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Culture and Human Capital Investments: Evidence of an Unconditional Cash Transfer Program in Bolivia

  • Yanez-Pagans, Monica

    ()

    (World Bank)

This paper uses a policy quasi-experiment created by the introduction of an old-age unconditional cash transfer program in Bolivia to study the intra-household income allocation process towards children's educational expenditure by ethnicity and gender of the recipient. Taking advantage of a sharp discontinuity created by the program assignment mechanism, I investigate the heterogeneity in the patterns of allocation within indigenous, multiethnic, and non-indigenous families, conditional on having one elder and one school-age child living in the household. I find that cultural factors (proxied by ethnicity) count in the decision making process of human capital investments. In particular, the allocation of resources within indigenous families follows rules closely related to patriarchal family structures (in which women have limited decision-making power) and is consistent with unitary, dictatorial, and common preferences theoretical household models. Conversely, non-indigenous families follow decision rules more closely related to collective and bargaining behavior models.

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Paper provided by Institute for the Study of Labor (IZA) in its series IZA Discussion Papers with number 3678.

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Length: 23 pages
Date of creation: Sep 2008
Date of revision:
Handle: RePEc:iza:izadps:dp3678
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  1. Case, Anne & Deaton, Angus, 1998. "Large Cash Transfers to the Elderly in South Africa," Economic Journal, Royal Economic Society, vol. 108(450), pages 1330-61, September.
  2. McDonald, John F & Moffitt, Robert A, 1980. "The Uses of Tobit Analysis," The Review of Economics and Statistics, MIT Press, vol. 62(2), pages 318-21, May.
  3. Guido Imbens & Thomas Lemieux, 2007. "Regression Discontinuity Designs: A Guide to Practice," NBER Technical Working Papers 0337, National Bureau of Economic Research, Inc.
  4. Barja Daza, Gover & Monterrey Arce, Javier & Villarroel Böhrt, Sergio, 2006. "Bolivia: Impact of shocks and poverty policy on household welfare," Revista Latinoamericana de Desarrollo Economico, Instituto de Investigaciones Socio-Económicas (IISEC), Universidad Católica Boliviana, issue 6, pages 63-123, Abril.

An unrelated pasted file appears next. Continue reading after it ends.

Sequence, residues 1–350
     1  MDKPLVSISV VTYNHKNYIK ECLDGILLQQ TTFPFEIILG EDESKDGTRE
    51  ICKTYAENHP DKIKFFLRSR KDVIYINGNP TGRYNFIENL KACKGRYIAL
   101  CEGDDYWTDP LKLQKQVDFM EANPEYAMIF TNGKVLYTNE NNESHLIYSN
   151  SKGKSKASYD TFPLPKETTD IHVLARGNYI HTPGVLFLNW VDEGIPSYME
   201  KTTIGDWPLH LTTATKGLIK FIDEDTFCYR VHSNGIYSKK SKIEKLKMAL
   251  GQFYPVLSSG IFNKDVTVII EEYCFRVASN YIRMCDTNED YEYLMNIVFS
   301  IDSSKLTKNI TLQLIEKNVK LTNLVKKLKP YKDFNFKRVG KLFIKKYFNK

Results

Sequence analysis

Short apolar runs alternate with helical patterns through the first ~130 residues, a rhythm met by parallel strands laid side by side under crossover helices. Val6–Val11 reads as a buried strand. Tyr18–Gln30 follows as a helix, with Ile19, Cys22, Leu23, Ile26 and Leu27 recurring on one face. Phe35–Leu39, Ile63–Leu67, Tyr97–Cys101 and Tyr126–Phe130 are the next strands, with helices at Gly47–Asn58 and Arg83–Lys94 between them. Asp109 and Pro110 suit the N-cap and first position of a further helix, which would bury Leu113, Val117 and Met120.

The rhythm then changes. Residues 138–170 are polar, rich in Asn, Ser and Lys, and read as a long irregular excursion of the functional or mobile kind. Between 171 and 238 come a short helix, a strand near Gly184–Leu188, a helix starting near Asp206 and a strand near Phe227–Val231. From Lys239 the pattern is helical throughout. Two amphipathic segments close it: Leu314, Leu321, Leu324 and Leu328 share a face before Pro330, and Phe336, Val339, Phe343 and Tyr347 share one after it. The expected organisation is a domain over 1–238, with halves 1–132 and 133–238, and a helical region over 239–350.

5. Skeels, Christopher L. & Vella, Francis, 1999. "A Monte Carlo investigation of the sampling behavior of conditional moment tests in Tobit and Probit models," Journal of Econometrics, Elsevier, vol. 92(2), pages 275-294, October.
  6. Edmonds, Eric V., 2006. "Child labor and schooling responses to anticipated income in South Africa," Journal of Development Economics, Elsevier, vol. 81(2), pages 386-414, December.
  7. Barja, Gover & Urquiola, Miguel, 2003. "Capitalization and Privatization in Bolivia: An Aproximation to an Evaluation," MPRA Paper 23049, University Library of Munich, Germany.
  8. Vani Borooah & Sriya Iyer, 2005. "Vidya, Veda, and Varna: The influence of religion and caste on education in rural India," Journal of Development Studies, Taylor & Francis Journals, vol. 41(8), pages 1369-1404.
  9. Leonardo Gasparini & Mariana Marchionni & Federico Gutierrez, 2004. "Simulating Income Distribution Changes in Bolivia: a Microeconometric Approach," CEDLAS, Working Papers 0012, CEDLAS, Universidad Nacional de La Plata.
  10. Lee, Myoung-jae, 2005. "Micro-Econometrics for Policy, Program and Treatment Effects," OUP Catalogue, Oxford University Press, number 9780199267699, March.
  11. Psacharopoulos, George, 1992. "Ethnicity, education, and earnings in Bolivia and Guatemala," Policy Research Working Paper Series 1014, The World Bank.
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